Fitzpatrick on Shay
At Newcity, Tony Fitzpatrick writes a fine tribute to the great photographer Art Shay, who's still alive and kicking at 91, and currently has an exhibition at Ann Nathan Gallery.
His images of Wicker Park and Algren have no cheap sentiment in them. This was a neighborhood of immigrants, of the poor, of working people, of junkies and hustlers and whores—and Shay romanticizes none of it. For as unsparing as Algren’s prose was regarding this place, Shay matches him note for note. There was despair. There was grinding poverty. And there were transcendent moments of grace. None of it escaped Shay’s lens.
I really need to buy Shay's collection Chicago's Nelson Algren. ("Read Algren and you'll see Shay's pictures; look at Shay's photos and you'll hear Nelson's words.") One of my favorite photographers, and my favorite writer.
Fading Ad: Boston Store redux
My good friend Frank Jump was kind enough to repost this photo that I put up last week on Facebook, where I've been running an album called "Photo a Day", of photographs that I've taken each day this year. One afternoon last week, I was walking down Washington Street and looking for a subject, and happened to look across the street at the Block 37 office building, and was very pleased to see the old Boston Store fading ad reflected in the glass. (I had previously photographed the ad - posted here - and inevitably look for it every time I'm walking nearby.) In his post Frank provides more background on the Boston Store, including a great old newspaper ad. I really like the photo, particularly its juxtaposition of modern and aged.
"...ladling out the old craperoo..."
In the opening pages of Budd Schulberg's The Harder They Fall, the narrator Eddie Lewis (a boxing press agent, or kind of a freelance PR flack for dubious fighters) dreams of writing a stage play about the sport.
One solid job could justify all the lousy years I had frittered away as a press agent for champions, deserved and otherwise, contenders and bums, plenty of the latter. You see, that play would tell Beth, I haven't really fallen so low as you thought. All the time it seemed as if I were prostituting myself by making with the adjectives for Honest Jimmy Quinn and Nick (The Eye) Latka, the well-known fistic entrepreneurs, I was actually soaking up material for my masterpiece. Just as O'Neill spent all those years as a common sailor and Jack London was on the bum.
Like O'Neill and London. It always made me feel better to make those notes. My pockets were full of notes. There were notes in every drawer of my desk at the hotel. The notes were kind of an escape valve for all the time I wasted getting loaded, cutting up touches with Charles, sitting around with the boys, going up to Shirley's, and ladling out the old craperoo about how old Joe Round-heels, who couldn't lick my grandfather and who had just been put away in two over at the Trenton Arena, was primed (I would be starving to death without that word primed) to give Jack Contender the fight of his life.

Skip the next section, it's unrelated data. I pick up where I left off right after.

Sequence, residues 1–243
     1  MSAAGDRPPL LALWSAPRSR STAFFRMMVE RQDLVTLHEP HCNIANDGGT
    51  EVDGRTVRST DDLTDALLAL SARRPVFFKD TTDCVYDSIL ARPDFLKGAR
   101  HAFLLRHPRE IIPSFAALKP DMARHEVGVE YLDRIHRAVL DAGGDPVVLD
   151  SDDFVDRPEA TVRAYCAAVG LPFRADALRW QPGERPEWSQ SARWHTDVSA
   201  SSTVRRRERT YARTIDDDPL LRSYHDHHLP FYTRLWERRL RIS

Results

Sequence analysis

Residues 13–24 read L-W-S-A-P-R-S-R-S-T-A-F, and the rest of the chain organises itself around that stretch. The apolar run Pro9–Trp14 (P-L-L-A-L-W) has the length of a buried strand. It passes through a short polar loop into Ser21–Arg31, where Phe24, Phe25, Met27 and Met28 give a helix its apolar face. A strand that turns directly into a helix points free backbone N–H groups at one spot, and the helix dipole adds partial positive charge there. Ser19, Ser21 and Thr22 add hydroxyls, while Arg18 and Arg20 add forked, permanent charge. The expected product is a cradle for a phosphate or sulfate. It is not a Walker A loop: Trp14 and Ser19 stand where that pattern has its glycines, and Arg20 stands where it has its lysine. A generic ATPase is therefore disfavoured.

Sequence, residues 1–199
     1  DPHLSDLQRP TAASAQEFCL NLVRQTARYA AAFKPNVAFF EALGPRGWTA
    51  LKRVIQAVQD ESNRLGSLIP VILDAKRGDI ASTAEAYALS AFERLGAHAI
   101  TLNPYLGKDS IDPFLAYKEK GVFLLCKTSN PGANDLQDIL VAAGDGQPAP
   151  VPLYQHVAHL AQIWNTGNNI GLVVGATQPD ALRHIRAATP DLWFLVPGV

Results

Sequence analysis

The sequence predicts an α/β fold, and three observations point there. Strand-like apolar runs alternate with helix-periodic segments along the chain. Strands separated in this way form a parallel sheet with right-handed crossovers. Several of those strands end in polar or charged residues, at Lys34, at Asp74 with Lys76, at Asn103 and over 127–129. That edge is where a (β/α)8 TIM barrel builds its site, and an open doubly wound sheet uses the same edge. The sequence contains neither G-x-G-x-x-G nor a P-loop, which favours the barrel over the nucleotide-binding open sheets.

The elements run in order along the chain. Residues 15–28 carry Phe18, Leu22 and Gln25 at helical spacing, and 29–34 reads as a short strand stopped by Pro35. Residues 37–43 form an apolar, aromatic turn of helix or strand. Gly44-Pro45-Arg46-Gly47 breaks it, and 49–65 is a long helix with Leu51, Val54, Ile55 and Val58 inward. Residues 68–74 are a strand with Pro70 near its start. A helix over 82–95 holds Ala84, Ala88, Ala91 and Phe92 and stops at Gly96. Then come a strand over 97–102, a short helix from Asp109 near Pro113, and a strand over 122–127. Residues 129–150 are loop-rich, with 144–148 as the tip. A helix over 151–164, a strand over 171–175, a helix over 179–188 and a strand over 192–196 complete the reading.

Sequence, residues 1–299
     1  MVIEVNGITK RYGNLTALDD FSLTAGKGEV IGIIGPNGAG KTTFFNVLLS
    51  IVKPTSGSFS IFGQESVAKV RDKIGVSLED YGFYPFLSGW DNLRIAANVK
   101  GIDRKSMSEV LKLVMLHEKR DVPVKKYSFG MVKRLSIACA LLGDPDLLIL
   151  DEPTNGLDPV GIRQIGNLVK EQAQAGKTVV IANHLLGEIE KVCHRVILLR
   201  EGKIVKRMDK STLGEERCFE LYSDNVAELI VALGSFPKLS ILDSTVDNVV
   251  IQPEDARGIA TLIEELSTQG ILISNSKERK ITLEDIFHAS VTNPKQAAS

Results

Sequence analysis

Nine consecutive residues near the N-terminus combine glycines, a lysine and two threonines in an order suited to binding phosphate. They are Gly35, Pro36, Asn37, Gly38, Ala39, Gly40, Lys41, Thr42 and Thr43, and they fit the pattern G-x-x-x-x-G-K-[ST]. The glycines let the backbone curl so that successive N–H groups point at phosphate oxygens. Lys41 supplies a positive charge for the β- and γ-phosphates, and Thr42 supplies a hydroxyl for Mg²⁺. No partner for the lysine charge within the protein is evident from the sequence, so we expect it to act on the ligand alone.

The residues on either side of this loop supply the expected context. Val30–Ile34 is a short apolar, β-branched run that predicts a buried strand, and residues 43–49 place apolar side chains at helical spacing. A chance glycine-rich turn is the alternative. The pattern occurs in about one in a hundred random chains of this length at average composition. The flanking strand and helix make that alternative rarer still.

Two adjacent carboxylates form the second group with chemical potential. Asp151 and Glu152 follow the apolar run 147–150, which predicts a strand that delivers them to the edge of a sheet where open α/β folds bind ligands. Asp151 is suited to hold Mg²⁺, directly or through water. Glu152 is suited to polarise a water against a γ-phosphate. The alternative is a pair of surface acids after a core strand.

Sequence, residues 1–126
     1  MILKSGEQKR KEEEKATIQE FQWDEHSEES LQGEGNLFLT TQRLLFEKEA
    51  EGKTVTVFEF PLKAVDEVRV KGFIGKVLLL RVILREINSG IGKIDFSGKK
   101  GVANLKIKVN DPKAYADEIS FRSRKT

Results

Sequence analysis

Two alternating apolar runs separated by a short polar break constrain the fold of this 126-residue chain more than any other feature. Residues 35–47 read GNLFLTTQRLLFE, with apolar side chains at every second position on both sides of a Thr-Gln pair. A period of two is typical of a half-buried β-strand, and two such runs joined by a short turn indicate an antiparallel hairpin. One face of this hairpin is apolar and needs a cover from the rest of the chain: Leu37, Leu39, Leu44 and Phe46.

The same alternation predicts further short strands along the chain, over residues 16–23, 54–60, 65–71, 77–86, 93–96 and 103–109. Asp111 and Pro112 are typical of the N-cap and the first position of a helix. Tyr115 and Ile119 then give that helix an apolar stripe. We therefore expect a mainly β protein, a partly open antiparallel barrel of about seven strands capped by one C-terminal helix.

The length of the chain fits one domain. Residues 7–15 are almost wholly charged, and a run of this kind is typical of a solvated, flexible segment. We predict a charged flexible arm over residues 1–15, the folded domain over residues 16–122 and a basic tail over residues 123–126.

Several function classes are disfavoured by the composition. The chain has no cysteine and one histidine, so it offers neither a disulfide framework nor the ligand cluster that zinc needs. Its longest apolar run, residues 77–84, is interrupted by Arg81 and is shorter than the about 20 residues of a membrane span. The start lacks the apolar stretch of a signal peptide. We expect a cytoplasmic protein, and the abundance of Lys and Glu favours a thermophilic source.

I love the energy of Schulberg's language, which somehow manages to crackle and be world-weary at the same time. Even at this early stage it's easy to see that Eddie will never be more than a two-bit flack, and will remain mired in the sordid boxing world of the 1940s. Which is fine with me - that's exactly why I'm reading.
"The Character of a Coffee-House"
Spitalfields Life presents a lovely map, by Adam Dant, of 17th Century London coffeehouses, including interesting factoids on each, like the one shown above for Batson's.
"And it wasn’t just coffee they sold but alcohol too," he added, fleshing out the historical background as he sipped his glass, "so you could get drunk in one corner and sober up with coffee in another."
Sounds like my kind of place.
I just started reading Budd Schulberg's midcentury boxing classic The Harder They Fall, but after that I'm going to dive into my latest structured reading. The basic idea is to read three books with related subjects or themes in succession, and see how the books echo and reflect on each other. In the past I've done structured reading on the Depression (Edmund Wilson, FDR and the New Deal, Jack Conroy), early 20th Century American satire (Finley Peter Dunne, Ring Lardner, George Ade) and old-school Jewish writers (Isaac Singer, Sholom Aleichem, Aharon Appelfeld).
My next installment will be focused on African-American writers: Richard Wright's memoir Black Boy, James Baldwin's essay collection Notes of a Native Son (which I believe is partly a response to Wright's groundbreaking novel Native Son - which I was less than pleased with when I reread it two years ago - and to Wright in general) and Zora Neale Hurston's Their Eyes Were Watching God. Looking forward to it, as always.
Joseph Mitchell, Old Mr. Flood
Joseph Mitchell's Old Mr. Flood is a fictional portrait of a man who lives in an aged hotel near New York City's Fulton Fish Market during the 1940s; the title character is a composite of numerous individuals that Mitchell knew in the Fulton Market area. The book is endlessly quotable, but I'll restrain myself to just two passages. First, here's Mr. Flood's philosophy on mortality (he's 93 years old, and wants to live to 115):